A developer’s plan to create transformative changes to the old Texas Instrument property are one step closer to reality after the Stafford City Council approved the first reading of the project by a 6-1 vote last week with the mayor voting no, citing “serious and grave concerns.”
The council is expected to revisit the issue tonight (April 11) with public commentary and a final vote. If approved, the city still has to wait for 60 days before any action can be taken, according to the city attorney. This allows anyone to create a petition to force an election on the project.
Supporters of the plan question the motives of Mayor Leonard Scarcella, who says that the way the plan is financially structured, “the City of Stafford will pay out nearly $18 million while collecting less than $5 million for a $13 million deficit of city funds.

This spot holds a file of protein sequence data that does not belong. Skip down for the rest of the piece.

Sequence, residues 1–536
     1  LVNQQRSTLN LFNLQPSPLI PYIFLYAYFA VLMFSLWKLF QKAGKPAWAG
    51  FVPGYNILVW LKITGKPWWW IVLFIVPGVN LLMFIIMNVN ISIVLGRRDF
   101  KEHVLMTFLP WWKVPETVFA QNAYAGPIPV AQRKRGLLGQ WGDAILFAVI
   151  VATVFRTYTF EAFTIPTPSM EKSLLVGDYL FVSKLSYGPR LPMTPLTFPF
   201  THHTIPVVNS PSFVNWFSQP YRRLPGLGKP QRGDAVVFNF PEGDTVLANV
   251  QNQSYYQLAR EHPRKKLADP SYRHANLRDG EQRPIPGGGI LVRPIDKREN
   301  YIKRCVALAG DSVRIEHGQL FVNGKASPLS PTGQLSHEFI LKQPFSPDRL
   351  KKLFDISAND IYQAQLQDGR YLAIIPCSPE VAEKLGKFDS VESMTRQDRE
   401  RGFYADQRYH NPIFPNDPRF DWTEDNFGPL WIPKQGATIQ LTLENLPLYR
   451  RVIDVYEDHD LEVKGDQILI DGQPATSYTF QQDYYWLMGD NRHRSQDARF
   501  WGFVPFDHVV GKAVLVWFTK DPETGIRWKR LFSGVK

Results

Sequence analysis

“In the outer years, we’ll get $3 million once Street Level Investments is paid out. But for now through 2024, we will be paying out that substantial amount of money and only getting a minimal amount of money and that will impact our ability to continue without a city property tax,” Scarcella said.
Mayor Pro Tem A.J. Honore disagreed, accusing the mayor of deliberately putting out misinformation.
“We have grown accustomed to hearing him intentionally mislead people. I attempted to directly refute his comments by stating this is a performance-based contract. Meaning no revenue goes out unless it comes in first,” Honore said in email conversations with the Fort Bend Star after the meeting.